While a low-carb diet can help you lose weight, eliminating major food groups from your diet may cause you to fall short on a few key nutrients. A low-carb diet may not provide enough of some of the B vitamins, vitamin E or calcium, according to a 2010 study published in the "Journal of the International Society of Sports Nutrition." Constipation is also a common side effect, which may be due to a lack of fiber. If you're thinking of adding a supplement or vitamins to your routine while on a low-carb diet, consult with your doctor to discuss what fits your needs.
Nutrients Lacking on a Low-Carb Diet
The nutrients you're missing on a low-carb diet may vary depending on your food choices. However, according to the 2010 JISSN study, nutrients meeting less than 50 percent of the reference daily intake, or RDI, include biotin, chromium and vitamin E. Other nutrients that fall a little short -- between 50 and 75 percent of the RDI -- include pantothenic acid, vitamin D, calcium, potassium and magnesium. These numbers are based on a sample meal plan from one of the most popular low-carb plans.
Although low-carb diets typically encourage you to get your fill of low-carb veggies, you may still have a tough time getting enough fiber on your plan. It's recommended that adults aim for 25 to 30 grams of fiber a day, according to the University of California at San Francisco. This may be why constipation is one of the most common complaints of people following a low-carb diet.
Vitamin and Mineral Supplements
Whether you add a vitamin and mineral supplement to your daily routine should be up to you and your doctor. However, some popular commercial low-carb plans recommend it, according to the authors of the 2010 JISSN study.
While it may be difficult to get adequate amounts of some essential vitamins and minerals, making a few tweaks to your food choices may help. For example, eggs, including the yolk, are rich in biotin, pantothenic acid and vitamin D, and they are virtually carb-free. Salmon is also a good source of vitamin D and can help you get a little more magnesium in your diet. To get more chromium, make broccoli a regular part of your meal plan. Also, be sure to include low-carb nutrient-rich veggies to add even more potassium, calcium and magnesium to your diet. Good choices include kale, spinach and broccoli. Replace your usual vegetable oil with sunflower oil to get a little more vitamin E. Almonds, which have 3 grams of net carbs per 24 kernels, are another healthy low-carb way to consume more vitamin E. Low-carb diets count net carbs, or digestible carbs, which are the total carbs minus total fiber.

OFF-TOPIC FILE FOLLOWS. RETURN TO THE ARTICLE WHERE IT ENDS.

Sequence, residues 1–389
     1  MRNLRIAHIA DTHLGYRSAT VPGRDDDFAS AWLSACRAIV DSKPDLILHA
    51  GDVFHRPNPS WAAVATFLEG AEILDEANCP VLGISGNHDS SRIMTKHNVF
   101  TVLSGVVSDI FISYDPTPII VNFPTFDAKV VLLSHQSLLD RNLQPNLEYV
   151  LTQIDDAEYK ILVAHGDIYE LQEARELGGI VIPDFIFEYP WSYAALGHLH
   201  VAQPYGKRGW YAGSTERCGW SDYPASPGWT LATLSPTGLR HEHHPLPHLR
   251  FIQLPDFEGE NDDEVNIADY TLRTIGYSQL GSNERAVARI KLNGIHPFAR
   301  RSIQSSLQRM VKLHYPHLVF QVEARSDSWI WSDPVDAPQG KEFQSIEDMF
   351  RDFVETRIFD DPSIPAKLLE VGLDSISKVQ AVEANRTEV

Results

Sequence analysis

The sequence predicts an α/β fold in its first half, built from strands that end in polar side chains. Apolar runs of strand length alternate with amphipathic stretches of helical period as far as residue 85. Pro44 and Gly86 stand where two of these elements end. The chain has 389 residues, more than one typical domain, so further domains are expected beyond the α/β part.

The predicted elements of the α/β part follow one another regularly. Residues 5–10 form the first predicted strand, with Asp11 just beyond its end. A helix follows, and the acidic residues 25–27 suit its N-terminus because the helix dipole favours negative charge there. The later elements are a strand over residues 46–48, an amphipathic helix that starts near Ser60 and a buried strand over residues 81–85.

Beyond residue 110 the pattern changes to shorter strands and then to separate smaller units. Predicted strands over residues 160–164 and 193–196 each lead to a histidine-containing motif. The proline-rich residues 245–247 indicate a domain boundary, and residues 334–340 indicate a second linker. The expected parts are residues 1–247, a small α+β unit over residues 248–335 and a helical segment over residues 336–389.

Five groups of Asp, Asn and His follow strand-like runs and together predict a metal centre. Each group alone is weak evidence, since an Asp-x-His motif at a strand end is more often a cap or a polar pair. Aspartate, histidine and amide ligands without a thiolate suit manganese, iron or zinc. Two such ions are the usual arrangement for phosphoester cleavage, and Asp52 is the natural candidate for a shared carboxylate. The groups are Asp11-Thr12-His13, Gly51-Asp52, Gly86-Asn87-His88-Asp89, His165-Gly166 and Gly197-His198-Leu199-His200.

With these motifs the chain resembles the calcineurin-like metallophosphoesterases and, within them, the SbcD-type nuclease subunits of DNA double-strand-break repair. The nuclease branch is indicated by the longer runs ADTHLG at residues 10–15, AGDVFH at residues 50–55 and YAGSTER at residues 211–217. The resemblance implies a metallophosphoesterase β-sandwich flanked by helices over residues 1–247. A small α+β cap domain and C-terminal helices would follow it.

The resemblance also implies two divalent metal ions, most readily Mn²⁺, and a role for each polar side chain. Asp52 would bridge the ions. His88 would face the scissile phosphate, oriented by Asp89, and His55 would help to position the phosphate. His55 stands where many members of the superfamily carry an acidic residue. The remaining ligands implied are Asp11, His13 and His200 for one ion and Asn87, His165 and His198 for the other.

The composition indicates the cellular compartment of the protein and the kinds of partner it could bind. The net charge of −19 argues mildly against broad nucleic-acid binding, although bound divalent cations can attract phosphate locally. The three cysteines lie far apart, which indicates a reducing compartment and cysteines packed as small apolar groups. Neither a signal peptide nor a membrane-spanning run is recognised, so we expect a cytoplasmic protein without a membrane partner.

To help improve bowel movements and get more fiber in your daily diet, you may consider fiber supplements. However, it's important to note that these supplements are a source of carbs, and the amount may vary -- from 1 gram to 5 grams of net carbs, depending on brand.
Adding high-fiber low-carb foods may also help bump up your fiber intake. Healthy options include spinach, broccoli, zucchini, kale, cabbage, Brussels sprouts and avocados. To up the fiber content of your meals, stuff your morning omelet with broccoli, fill your lunch salad bowl with spinach greens and enjoy a serving of roasted Brussels sprouts with dinner.
Low-Carb Nutrition Shakes
When cruising down the supplement aisle of your grocery store, you might notice low-carb nutrition shakes on the shelf. If you're struggling to fit in a meal because of time constraints, these types of drinks may serve as a quick alternative. While they are low in carbs, be sure to read the nutrition label to make certain you're drinking one that fits your plan and be careful to count the carbs appropriately. For flavor and extra nutrition, you can also use these drinks as a base for a smoothie. Then add kale, a spoonful of peanut butter or spinach and some mint extract.
- Journal of the International Society of Sports Nutrition: Prevalence of Micronutrient Deficiency in Popular Diet Plans
- American Journal of Clinical Nutrition: Low-Carbohydrate Nutrition and Metabolism
- Rush University Medical Center: The Skinny on Low-Carb Diets
- University of California at San Francisco: Increasing Fiber Intake
- Colorado State University Extension: Water-Soluble Vitamins: B-Complex and Vitamin C
- Office of Dietary Supplements: Vitamin D
- Office of Dietary Supplements: Vitamin E
- Office of Dietary Supplements: Magnesium
- Academy of Nutrition and Dietetics: Kidney Disease: High- and Moderate-Potassium Foods
- Atkins: Carb Counter